DISTINGUISHED VISITOR by Daniel Kuttner
At nightfall, a white-robed figure approached the White House fence, easily scaled it, alighted in the cool grass, then froze. He scanned the area and listened. No alarms, no reaction from the guards, all quiet.
He floated across the South Lawn and Portico. He gestured, and the locked, reinforced door creaked open.
Avoiding the main corridors, he slipped into a hidden passage near the Map Room, then wound his way up to the residence floor and past the West Sitting Hall. He approached the guard station at the entrance to the Living Room.
Rousing the conversing guards, he spread his arms. Smiling, he surrendered to the open-mouthed officers.
“I’ll only reveal my mission to the President, no one else,” he said. One officer handcuffed him to a chair, another activated a silent alarm.
Secret Service agents poured into the room, a few talking into their sleeve-microphones. Three set up a makeshift interrogation area in front of the fireplace.
A hush fell over them as a special agent entered with two plain-clothed hulkers. All three wore sunglasses, but as lead, one boasted a mirror finish. She strode forward. “All right, I’m in charge here. My name’s Trottel. Let’s see some ID.”
The captive raised one hand. “Just call me Gabe. You’re in charge? I’ll tell you just a bit. I’m here on a mission, an important one.”
Trottel whispered to her lieutenant, “Can you place his accent?”
“We’ll get it out of him.”
Gabe continued. “This seems to be the most powerful nation on Earth, at least militarily . . . “
This brought rapid conversation and some chuckles from the armed group. A few again muttered into their sleeve mics.
“I will show my item to your leader first. This is a matter of great importance, so . . . “
Agent Trottel raised a hand. “Just a minute! I run things here, including who says what, when and to whom. Got it?”
Gabe frowned. “I can understand your fear. I walked right into this—ahh—White House, you call it? Imaginative name. No guards challenged me, no alarms sounded, none of your automatic defenses activated, and your video shows nothing, right?”
“Yes, and that . . . ”
Gabe raised an index finger. “Doesn’t any of that seem extraordinary to you, Agent Trottel?”
“Why you . . . ” Trottel backhanded his smiling face, but the hand passed through with no effect. Her slack-jawed subordinates looked at one another, then at her, then at Gabe.
Unruffled, Gabe continued. “So, given all that, shouldn’t you attend to my words? Doesn’t it seem I’m something more than your run-of-the-mill intruder?”
“So? What? You’re some kind of space alien? We have top men who can . . . “
Again, Gabe’s gesture stilled Trottel’s attempt at control.
“Now, be a nice special agent and go fetch the President so I can give him my instructions, won’t you?”
“That’s impossible. As soon as we apprehended you, another team removed the President from the White House. He is on his way to a safe area.”
Gabe scowled. “Oh, Area Seven. You’ll just have to bring him back, then. Or, I could go to him.”
“I’ve had about enough of your bullshit, Gabe.” Trottel turned to the sergeant on duty, “Has this man been searched or at least scanned?”
“Yes ma’am. That is, he went through the scanners at the entrance and here on the residence floor without tripping an alarm.”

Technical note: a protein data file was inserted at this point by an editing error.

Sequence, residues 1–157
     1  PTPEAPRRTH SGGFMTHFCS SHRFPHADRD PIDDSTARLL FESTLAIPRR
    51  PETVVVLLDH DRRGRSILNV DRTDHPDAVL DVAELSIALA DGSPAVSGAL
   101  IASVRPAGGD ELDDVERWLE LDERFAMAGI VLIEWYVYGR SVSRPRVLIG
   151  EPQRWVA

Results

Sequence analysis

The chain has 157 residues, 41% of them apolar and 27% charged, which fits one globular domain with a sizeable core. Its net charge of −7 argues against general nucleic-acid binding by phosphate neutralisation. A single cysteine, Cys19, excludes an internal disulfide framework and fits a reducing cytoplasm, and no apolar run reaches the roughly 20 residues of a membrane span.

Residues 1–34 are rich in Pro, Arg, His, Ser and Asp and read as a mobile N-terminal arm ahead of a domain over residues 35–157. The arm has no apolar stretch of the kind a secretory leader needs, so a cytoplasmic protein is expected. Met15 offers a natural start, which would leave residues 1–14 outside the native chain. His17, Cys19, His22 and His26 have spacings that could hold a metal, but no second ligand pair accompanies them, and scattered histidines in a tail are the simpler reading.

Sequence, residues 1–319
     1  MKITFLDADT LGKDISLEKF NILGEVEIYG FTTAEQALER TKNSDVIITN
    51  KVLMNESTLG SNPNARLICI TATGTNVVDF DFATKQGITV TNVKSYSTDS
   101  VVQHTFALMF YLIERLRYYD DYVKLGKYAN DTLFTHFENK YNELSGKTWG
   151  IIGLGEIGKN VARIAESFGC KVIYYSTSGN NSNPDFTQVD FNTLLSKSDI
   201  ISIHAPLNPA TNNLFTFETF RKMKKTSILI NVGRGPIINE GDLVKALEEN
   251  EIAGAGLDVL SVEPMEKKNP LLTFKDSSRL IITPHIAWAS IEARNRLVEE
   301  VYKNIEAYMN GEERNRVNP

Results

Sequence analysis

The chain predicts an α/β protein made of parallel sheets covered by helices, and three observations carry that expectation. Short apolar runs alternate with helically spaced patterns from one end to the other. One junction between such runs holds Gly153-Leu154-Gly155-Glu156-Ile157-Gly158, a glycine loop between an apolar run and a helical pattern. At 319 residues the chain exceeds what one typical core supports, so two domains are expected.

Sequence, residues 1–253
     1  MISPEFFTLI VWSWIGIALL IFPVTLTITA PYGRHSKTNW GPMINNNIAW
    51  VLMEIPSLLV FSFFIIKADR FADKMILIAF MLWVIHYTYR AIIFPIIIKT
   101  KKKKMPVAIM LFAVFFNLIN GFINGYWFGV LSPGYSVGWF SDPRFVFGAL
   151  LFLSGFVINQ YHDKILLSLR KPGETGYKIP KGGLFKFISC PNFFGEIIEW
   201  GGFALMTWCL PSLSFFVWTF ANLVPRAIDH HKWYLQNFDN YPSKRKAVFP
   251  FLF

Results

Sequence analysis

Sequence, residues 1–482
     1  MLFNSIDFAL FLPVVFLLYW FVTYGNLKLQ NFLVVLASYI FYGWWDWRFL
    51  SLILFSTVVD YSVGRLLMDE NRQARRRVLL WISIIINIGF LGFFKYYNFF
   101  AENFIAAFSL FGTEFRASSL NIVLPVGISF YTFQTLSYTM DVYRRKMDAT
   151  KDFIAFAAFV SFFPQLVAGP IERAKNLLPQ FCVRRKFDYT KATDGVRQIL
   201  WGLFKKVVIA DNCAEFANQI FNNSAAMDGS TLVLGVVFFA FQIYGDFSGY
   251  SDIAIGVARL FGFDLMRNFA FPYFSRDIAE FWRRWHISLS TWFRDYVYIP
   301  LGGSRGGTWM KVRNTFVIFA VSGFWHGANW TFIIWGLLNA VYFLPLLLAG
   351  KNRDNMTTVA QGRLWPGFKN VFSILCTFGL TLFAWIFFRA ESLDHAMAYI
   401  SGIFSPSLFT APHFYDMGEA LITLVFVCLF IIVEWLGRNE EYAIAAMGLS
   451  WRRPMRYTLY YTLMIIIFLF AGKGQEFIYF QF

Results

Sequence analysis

“He seems well able to bypass this lowest-bidder alarm system. Give him a wand scan, then a cavity search!”
Gabe complied with the wand routine, but balked when the guards reached to remove his robe.
“No, you’re not going to do that.”
“I call the shots here,” Trottel’s voice dripped with artificial confidence.
“You just think you do.” Gabe stood up. The handcuffs clanked to the floor. He turned toward the gaping agents. With a grandiose gesture, he reached inside the top of his robe.
The chorus of unholstering Glocks overwhelmed all other sounds in the room. Gabe hesitated, looked at the weapons around him, then removed an iridescent golden packet and began to gesture with it. “These instructions can only be opened . . . “
Gabe’s quick move was interrupted by a single shot, then a deafening staccato of 9mm handguns and MP5 automatic pistols. Several officers were hit and went down, some saved by their body armor, some not.
The magazines emptied. The echoes faded. The acrid smell of burned gunpowder remained.
As Gabe, unscathed, viewed the carnage, his expression turned to sadness. “I guess after all this time you folks still aren’t ready. Pity.” Gabe put the shimmering packet back inside his robe. He shook his head at the wounded Trottel.
Before the agent could draw her backup weapon, Gabe began to glow. He became enveloped by an intense white light, so bright all turned away, covering their eyes. He rose up, up, up, right through the ceiling.
Gabe stopped, hovering just above the White House. He spotted a black-robed figure moving through the south fence. He saw her dark aura suck energy out of the air as she glided across the South Lawn. His voice boomed out. “Ahh! it’s you, Tetrax!”
The demon looked up, her vile grin and fiery red eyes blazing. “Well, Gabriel, looks like you failed again. We’re going to really turn up the heat now.”
“Yes, your cohorts can bedevil the Earth for another hundred years. Maybe the humans will be ready by then.”
Tetrax laughed. “Until then, adios!“ She slithered through the dark air toward the White House. She gestured. Her black-robed followers zoomed toward key offices in D.C.
And all over the world.
Gabe continued his ascent. “See you again in 2120.”